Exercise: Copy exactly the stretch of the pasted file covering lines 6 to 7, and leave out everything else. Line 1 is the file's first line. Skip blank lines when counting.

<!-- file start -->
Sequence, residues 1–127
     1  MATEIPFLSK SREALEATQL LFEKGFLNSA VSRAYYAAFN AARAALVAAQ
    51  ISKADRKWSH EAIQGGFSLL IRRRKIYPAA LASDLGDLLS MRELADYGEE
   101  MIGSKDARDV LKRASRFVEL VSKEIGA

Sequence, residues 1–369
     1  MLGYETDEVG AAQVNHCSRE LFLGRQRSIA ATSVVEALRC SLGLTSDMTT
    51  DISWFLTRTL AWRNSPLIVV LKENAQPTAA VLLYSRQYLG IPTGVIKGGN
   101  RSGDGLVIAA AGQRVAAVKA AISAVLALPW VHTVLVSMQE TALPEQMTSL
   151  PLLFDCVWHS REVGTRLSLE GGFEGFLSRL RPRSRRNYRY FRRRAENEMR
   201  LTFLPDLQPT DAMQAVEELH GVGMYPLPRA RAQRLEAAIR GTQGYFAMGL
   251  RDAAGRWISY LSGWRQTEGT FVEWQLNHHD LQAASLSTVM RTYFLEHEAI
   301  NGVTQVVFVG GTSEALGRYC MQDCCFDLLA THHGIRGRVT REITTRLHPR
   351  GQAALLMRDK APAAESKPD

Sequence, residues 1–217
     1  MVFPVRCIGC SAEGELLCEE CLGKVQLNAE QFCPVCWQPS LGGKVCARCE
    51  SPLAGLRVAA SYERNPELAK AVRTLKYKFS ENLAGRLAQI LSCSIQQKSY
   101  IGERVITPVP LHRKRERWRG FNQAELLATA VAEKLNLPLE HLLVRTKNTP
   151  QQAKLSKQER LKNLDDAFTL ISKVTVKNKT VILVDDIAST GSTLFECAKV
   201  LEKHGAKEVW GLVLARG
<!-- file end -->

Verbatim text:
     1  MLGYETDEVG AAQVNHCSRE LFLGRQRSIA ATSVVEALRC SLGLTSDMTT
    51  DISWFLTRTL AWRNSPLIVV LKENAQPTAA VLLYSRQYLG IPTGVIKGGN